US says Asian sea disputes should end peacefully

ANNE GEARAN - AP National Security Writer
Vietnam's Minister of Defense General Phung Quang Thanh, from left, introduces U.S. Defense Secretary Robert Gates, to Lt. Gen. Nguyen Chi Vinh, and Lt. Gen. Khue, right, at the Vietnam Ministry of Defense in Hanoi, Vietnam, Monday, Oct. 11, 2010.  (AP Photo/Carolyn Kaster, Pool)
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Vietnam's Minister of Defense General Phung Quang Thanh, from left, introduces U.S. Defense Secretary Robert Gates, to Lt. Gen. Nguyen Chi Vinh, and Lt. Gen. Khue, right, at the Vietnam Ministry of Defense in Hanoi, Vietnam, Monday, Oct. 11, 2010.

U.S. Defense Secretary Robert Gates said Monday that Asian sea disputes should be resolved peacefully through negotiations, words meant as reassurance after a series of maritime incidents involving China rattled nerves.

Gates said regional claims over disputed maritime territory should be resolved in accordance with international laws of the sea.

"We don't take sides in this," Gates told reporters in Hanoi. "We don't have any territorial claims of our own."

The comments come as defense ministers from Southeast Asia meet with their counterparts from eight other countries in Vietnam. Gates met with a high-ranking Chinese military official Monday, ending a freeze on military exchanges after China broke off contacts to protest a U.S. arms package for Taiwan, the self-governing island that China claims as its own territory.

Gates told reporters afterward he accepted an offer by Chinese Gen. Liang Guanglie to visit Beijing. Pentagon press secretary Geoff Morrell said the visit would probably come early in 2011.

China had yanked an earlier invitation to Gates and suspended military contact with the United States in January.

The heating of territorial disputes in Asian waters follows a series of aggressive moves by China on the high seas. The latest spat erupted last month with Japan over a collision between a Chinese trawler and two Japanese patrol boats off disputed islands in the East China Sea claimed by both countries.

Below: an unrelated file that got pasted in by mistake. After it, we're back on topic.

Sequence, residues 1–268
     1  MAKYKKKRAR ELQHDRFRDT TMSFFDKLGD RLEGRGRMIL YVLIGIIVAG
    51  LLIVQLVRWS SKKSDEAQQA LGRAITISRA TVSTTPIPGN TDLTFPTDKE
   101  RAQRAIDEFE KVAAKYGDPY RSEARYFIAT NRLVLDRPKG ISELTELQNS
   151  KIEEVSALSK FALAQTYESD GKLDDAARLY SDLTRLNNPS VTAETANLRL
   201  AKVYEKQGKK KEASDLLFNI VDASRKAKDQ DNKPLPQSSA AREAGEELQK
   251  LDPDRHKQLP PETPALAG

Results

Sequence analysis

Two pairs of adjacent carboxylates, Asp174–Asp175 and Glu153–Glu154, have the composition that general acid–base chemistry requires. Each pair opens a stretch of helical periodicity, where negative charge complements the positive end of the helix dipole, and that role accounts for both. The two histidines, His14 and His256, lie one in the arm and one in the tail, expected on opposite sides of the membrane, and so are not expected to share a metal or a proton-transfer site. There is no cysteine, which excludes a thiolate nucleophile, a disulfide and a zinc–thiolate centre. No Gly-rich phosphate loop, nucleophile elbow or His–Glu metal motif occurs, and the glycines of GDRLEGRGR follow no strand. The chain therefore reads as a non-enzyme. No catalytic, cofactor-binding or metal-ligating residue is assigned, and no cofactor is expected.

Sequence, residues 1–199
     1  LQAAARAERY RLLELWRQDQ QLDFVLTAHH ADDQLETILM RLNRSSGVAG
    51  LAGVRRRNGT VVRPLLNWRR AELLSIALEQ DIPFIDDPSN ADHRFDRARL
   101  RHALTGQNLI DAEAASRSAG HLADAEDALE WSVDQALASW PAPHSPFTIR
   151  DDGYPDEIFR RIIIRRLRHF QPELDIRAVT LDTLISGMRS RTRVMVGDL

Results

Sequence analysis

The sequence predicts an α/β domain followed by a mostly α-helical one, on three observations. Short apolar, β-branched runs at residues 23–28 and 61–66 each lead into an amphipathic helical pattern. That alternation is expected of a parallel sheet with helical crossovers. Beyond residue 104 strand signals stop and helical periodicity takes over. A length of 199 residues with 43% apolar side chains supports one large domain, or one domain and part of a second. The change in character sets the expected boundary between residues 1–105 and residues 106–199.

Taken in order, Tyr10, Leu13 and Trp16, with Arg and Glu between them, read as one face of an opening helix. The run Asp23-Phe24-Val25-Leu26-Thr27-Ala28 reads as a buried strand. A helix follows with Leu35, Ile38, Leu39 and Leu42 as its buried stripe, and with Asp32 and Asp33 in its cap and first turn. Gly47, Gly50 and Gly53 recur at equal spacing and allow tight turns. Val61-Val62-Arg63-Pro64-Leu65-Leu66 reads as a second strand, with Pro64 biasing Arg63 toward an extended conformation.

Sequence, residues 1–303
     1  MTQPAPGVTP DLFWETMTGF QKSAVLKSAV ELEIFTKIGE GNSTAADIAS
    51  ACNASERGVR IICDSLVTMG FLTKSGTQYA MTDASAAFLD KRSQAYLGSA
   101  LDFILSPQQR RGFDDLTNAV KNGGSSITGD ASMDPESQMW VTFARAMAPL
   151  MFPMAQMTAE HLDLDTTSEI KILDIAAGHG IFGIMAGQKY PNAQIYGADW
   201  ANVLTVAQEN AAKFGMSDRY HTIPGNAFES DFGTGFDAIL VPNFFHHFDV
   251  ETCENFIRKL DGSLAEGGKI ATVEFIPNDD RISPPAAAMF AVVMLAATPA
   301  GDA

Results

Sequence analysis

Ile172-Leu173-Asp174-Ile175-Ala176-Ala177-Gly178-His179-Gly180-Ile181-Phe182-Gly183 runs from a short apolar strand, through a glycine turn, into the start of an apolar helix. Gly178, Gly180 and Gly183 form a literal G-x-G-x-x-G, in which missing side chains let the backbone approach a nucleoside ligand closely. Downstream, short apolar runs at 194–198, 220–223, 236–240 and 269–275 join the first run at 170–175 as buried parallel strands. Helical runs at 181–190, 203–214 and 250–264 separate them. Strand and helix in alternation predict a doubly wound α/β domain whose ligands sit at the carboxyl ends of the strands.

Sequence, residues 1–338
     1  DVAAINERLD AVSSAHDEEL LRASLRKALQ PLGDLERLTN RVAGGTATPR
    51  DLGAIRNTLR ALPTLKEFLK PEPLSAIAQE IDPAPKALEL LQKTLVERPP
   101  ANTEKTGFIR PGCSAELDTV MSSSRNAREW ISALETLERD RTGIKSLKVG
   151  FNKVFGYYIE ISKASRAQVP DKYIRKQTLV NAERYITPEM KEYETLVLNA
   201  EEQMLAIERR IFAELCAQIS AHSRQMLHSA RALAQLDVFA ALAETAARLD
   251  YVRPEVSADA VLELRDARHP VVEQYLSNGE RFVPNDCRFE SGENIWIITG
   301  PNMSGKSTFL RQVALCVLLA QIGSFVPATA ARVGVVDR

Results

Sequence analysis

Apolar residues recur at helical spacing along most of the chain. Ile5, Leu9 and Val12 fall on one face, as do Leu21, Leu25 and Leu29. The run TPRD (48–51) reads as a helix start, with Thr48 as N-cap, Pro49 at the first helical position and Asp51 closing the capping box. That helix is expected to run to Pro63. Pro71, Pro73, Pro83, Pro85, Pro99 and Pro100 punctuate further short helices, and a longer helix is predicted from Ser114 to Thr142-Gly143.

Japan detained the Chinese boat captain, enraging Beijing. He was eventually released, and last week the two countries agreed to resume high-level talks, but each continues to claim the territory.

Japanese Defense Minister Toshimi Kitazawa met with his Chinese counterpart in Hanoi on Monday and asked for cooperation on the creation of a communication system that could be used following maritime accidents, according to Japan's Defense Ministry.

"All these disputes should be resolved peacefully and through arbitration and negotiation," Gates said, adding that in the case between Japan and China, the U.S. would fulfill treaty obligations to support Japan.

Separately, China would not confirm that a port call by a Japanese naval training ship scheduled for later this month would take place.

The Chinese minister only responded by saying "I've heard about that," neither affirming nor rejecting the request, the ministry official said.

"Even though we were not fully prepared for talks, the fact that the defense ministers from the two countries could hold talks was a step forward," Kitazawa told reporters.

Meanwhile, Vietnamese Defense Minister Phung Quang Thanh confirmed on the meeting's sidelines that China had ended another maritime incident on Sunday by releasing nine Vietnamese fishermen who were detained last month while operating in waters near the disputed Paracel islands in the South China Sea.

Last week, Vietnam demanded that the fishermen be released immediately without conditions. China had refused to send the sailors home until the captain paid a fine for having explosives aboard the boat. Vietnam denied the allegation, saying the boat was only carrying fishing equipment. Both countries, along with Taiwan, Malaysia, Brunei and the Philippines, claim sovereignty over all or part of the islands.

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Associated Press writers Tran Van Minh in Hanoi and Mari Yamaguchi in Tokyo contributed to this report.